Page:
8. Your supplier contact leaves his position

This Murphy scenario happens all the time. One of your suppliers is absorbed by a larger structure. And heads are falling, including that of your sales contact with whom you have established a solid relationship of trust. The replacement proves to be incompetent, and much less positioned in the company hierarchy to have the latitude to negotiate contracts as before.

You can avoid this situation by stipulating in your contract with the supplier that you reserve the right to approve and accept contact changes on suppliers’ customer accounts.

9. The result of an online marketing campaign is much more positive than you imagined

Your marketing manager is amazed at how quickly a product sold in your online store is adopted. In fact, order taking explodes your order processing system. Unfortunately, you have undersized your processes and storage, based on your history. Your customers are seeing that, too, and sales are falling off. In short, the marketing campaign is turning into a Murphy nightmare. How can we avoid such a situation?

One way to be prepared to put additional resources in place if your operations are not successful is to provision computing, storage, and network to cloud providers. These resources can be consumed on demand and paid for out of the profits made on these fortunate sales increases, and then reallocated when demand decreases.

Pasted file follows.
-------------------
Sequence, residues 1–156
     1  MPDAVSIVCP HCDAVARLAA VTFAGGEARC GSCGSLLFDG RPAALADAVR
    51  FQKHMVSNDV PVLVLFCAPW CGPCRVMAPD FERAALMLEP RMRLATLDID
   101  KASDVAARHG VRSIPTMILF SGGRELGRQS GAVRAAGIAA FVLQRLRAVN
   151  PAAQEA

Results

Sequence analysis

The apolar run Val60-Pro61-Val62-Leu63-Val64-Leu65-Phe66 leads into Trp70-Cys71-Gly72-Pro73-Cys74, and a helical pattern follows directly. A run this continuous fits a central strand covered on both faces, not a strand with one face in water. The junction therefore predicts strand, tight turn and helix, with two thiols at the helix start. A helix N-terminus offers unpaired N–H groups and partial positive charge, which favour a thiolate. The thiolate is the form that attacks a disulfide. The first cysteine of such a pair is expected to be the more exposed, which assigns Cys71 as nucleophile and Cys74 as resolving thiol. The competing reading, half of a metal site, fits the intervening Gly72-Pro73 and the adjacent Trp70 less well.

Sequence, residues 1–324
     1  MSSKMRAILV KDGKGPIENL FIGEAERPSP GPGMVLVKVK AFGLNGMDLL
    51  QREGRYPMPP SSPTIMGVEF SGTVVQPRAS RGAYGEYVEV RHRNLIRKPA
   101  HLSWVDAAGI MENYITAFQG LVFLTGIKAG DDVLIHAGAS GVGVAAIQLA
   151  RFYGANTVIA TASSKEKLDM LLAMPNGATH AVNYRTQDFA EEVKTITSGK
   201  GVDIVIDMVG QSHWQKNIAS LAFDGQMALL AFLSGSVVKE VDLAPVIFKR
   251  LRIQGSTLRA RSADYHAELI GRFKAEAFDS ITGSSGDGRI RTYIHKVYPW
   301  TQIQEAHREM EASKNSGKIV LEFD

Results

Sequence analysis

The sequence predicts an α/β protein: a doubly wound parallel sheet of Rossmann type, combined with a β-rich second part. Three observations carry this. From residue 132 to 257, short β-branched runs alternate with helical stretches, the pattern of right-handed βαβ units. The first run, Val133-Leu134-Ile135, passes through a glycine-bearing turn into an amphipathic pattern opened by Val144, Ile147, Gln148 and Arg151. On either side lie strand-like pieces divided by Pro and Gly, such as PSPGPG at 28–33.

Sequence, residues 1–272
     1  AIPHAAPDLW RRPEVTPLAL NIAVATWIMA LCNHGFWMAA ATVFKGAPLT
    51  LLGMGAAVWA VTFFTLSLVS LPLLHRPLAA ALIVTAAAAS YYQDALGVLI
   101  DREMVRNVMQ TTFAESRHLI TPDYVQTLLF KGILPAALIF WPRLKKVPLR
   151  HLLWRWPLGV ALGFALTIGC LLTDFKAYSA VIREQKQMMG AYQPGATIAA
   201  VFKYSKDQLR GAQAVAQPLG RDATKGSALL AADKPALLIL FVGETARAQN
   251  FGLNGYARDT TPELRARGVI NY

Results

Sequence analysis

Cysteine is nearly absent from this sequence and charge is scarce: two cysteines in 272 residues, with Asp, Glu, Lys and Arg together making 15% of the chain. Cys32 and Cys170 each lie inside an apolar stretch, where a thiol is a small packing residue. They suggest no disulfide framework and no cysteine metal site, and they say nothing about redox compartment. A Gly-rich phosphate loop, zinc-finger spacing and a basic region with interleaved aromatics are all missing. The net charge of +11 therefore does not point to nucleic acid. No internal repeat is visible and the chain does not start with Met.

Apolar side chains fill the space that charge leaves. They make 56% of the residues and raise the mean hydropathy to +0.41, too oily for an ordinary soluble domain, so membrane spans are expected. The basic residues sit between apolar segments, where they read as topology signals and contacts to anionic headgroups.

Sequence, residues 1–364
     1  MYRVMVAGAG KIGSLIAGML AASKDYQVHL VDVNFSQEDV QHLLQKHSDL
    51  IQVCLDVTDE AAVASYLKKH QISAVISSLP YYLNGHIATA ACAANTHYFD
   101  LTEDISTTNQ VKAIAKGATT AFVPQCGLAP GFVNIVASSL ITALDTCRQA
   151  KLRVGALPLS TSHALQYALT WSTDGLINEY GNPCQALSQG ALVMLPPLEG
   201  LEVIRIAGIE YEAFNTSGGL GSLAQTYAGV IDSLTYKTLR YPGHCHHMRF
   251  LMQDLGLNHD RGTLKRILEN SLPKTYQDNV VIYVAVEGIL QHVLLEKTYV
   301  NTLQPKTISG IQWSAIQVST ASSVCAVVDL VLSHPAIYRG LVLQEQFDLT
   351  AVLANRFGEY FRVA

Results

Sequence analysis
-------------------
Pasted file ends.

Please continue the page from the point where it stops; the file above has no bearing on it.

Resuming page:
10. Your cloud provider crashes

You put a critical system in a provider’s cloud because it has a reputation for reliability. Then the seller fails to deliver the service correctly, causing your users to log off. This obviously has a catastrophic impact on the company’s business.

Here you can bypass Murphy’s impact by developing relationships with multiple cloud providers. So that you can switch to another supplier if the first one fails. Also, try to avoid contracting with cloud providers that do not have their own data centers.

(Source illustration: K.anh.eya.191 / Wikipedia)